# Bayesian hurdle model and predictions

I fitted a Bayesian hurdle model assuming a Poisson distribution:

$P(Y_i=y_i) = \begin{cases} 1-\pi_{i} & \mbox{if }y_i=0\\[0.5em] \pi_{i} \frac{\lambda_{i}^{y_i} e^{-\lambda_i}}{y_i!(1-e^{-\lambda_i})} &\mbox{if }y_i > 0 \end{cases}$

Because the log-likelihood is separable with respect to $\pi$ and $\lambda$, I fitted two separate regressions (i.e., logistic and zero-truncated Poisson regression) using a set of predictors. In other words:

$\lambda = \log(\beta_{1}^T X) \\ \pi = \mbox{logit}(\beta_{2}^T X)$

My issue arises in trying to predict new values. In a Bayesian context, I have posterior distributions for the coefficients from the logistic and zero-truncated Poisson regressions. For a new predicted value, I will have a posterior distribution for $\pi$ and $\lambda$. To get the $E(\pi \cdot \lambda)$ is easy, I can just take the product of the posterior means. But what about getting the 2.5 and 97.5% percentiles for the credible interval around for the new predicted value?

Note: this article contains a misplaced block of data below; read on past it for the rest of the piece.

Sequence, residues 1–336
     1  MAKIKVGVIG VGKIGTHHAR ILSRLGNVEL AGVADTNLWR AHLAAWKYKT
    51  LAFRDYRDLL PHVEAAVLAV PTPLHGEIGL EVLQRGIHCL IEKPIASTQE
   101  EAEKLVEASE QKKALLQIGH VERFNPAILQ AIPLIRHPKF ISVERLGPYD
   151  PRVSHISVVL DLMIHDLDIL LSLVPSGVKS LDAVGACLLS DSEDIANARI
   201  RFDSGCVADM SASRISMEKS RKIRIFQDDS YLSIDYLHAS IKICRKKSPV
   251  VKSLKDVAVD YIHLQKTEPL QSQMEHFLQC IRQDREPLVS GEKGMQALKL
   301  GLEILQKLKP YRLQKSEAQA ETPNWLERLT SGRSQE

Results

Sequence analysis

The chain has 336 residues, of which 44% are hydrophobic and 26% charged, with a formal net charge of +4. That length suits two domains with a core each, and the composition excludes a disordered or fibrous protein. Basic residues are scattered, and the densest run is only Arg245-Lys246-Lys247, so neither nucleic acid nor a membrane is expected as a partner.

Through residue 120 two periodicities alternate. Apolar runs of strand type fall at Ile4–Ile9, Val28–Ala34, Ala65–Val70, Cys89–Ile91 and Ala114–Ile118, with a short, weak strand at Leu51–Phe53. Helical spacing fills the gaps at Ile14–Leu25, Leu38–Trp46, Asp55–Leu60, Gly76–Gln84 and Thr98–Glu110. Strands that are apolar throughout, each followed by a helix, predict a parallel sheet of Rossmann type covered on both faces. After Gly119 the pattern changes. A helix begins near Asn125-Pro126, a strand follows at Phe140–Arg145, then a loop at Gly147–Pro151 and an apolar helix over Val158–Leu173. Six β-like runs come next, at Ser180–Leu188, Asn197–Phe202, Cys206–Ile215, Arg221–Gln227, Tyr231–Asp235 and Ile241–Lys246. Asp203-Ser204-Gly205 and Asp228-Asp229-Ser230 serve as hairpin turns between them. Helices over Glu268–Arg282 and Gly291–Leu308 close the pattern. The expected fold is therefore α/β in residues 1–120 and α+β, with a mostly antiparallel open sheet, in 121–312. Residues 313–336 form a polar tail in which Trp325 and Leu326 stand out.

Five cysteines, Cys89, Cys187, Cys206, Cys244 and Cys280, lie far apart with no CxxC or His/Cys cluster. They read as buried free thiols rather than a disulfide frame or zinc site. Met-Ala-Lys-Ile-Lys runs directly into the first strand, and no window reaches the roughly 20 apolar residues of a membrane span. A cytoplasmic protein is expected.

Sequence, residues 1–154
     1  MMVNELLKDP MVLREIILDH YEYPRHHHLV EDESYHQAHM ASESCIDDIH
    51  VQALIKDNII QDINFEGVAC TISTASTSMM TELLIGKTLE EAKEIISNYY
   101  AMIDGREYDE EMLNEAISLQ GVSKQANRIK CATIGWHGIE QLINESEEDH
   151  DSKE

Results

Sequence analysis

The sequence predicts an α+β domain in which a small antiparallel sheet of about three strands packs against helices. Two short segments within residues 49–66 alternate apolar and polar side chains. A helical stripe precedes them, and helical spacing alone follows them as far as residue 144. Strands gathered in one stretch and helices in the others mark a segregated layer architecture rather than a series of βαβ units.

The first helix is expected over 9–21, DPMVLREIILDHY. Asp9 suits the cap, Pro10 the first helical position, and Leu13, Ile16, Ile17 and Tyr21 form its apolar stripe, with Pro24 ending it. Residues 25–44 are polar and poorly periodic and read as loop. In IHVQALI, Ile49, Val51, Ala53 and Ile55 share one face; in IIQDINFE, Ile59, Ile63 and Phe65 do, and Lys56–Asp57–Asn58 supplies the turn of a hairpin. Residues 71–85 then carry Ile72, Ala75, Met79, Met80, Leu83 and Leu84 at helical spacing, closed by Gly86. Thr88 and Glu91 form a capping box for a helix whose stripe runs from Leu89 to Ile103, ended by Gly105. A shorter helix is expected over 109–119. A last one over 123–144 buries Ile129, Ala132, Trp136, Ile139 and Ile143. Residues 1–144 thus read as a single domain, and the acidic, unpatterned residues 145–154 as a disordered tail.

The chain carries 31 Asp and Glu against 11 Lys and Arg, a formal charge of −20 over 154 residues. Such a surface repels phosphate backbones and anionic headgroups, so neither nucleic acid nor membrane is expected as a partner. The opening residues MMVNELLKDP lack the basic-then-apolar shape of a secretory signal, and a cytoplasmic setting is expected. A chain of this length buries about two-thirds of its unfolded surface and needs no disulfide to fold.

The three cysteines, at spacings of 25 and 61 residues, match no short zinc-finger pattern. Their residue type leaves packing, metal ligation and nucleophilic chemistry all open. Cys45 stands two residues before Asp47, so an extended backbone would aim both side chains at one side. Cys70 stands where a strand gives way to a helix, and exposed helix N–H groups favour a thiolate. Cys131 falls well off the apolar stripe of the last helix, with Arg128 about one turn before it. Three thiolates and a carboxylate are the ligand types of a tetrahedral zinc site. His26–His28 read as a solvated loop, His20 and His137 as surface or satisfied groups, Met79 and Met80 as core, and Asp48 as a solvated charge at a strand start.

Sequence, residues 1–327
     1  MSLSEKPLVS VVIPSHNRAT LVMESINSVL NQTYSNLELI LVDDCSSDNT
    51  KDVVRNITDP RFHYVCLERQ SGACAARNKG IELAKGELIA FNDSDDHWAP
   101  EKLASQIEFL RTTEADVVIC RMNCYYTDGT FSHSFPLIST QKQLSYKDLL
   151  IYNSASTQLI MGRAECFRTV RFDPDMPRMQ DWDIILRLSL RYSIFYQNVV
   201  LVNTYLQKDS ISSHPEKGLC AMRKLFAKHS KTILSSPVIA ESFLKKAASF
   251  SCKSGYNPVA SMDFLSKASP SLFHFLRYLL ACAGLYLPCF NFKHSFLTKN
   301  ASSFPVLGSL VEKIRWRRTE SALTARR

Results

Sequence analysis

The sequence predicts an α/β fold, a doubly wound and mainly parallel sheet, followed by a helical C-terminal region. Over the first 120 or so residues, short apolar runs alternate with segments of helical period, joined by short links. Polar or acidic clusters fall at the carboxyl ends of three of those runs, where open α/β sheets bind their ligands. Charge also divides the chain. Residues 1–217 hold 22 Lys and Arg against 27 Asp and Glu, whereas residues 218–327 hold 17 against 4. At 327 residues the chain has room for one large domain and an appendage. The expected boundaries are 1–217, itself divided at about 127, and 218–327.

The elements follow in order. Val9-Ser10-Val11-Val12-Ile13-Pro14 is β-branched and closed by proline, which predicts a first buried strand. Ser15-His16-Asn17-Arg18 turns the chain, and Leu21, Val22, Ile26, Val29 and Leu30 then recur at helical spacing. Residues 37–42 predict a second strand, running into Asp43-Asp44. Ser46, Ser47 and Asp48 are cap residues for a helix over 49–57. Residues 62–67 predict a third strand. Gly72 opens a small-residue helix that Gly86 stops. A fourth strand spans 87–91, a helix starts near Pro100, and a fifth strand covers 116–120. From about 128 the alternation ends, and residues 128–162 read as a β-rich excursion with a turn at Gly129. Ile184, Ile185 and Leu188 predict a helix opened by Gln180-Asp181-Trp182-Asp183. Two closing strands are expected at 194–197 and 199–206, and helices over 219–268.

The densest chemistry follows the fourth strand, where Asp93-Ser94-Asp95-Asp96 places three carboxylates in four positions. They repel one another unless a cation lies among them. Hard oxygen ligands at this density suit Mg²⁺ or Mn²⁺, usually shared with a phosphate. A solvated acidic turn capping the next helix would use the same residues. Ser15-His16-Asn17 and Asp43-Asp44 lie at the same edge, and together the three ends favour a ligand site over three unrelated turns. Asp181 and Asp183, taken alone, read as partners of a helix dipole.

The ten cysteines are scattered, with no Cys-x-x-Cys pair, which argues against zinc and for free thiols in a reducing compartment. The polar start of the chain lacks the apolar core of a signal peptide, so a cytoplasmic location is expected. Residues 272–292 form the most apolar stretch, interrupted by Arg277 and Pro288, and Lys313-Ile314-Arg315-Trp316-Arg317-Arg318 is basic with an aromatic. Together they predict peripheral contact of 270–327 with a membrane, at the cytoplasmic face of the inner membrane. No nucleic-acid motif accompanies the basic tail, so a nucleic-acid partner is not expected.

Let's call the posterior predictive distribution $\tilde{Y}$.

\begin{align}\tilde{Y}_{\pi} &\sim\text{Bernoulli}(\pi)\\ \tilde{Y}_{\lambda} &\sim\text{Poisson}(\lambda)\\ \tilde{Y} &\sim\tilde{Y}_{\pi}*\tilde{Y}_{\lambda}\end{align}

You would need to truncate $\tilde{Y}_{\lambda}$ to be non-zero. Since you would then have a full predictive distribution, it would be easy to calculate intervals, expectations, etc.

Computation wise, this could be implemented in a number of ways. One possibility (in pseudo-code):

y_new = 0
y_pi = bernoulli_rng(pi)
if(y_pi==1)
while(y_new==0)
y_new = poisson_rng(lambda)
return y_new

• Nice response @c-r-peterson! I guess I should have clarified this, but my real issue is computational. Both $\pi$ and $\lambda$ will have distributions, so you would need to draw from both to construct the posterior predictive distribution of $\tilde{Y}$. That can be a lot, perhaps just random sampling would work? – user13317 Sep 9 '16 at 13:18
• Assuming you're using an MCMC method to calculate your posterior, then you could just use the samples from that. This would be fairly simple to implement in Stan, for example. – C.R. Peterson Sep 9 '16 at 15:06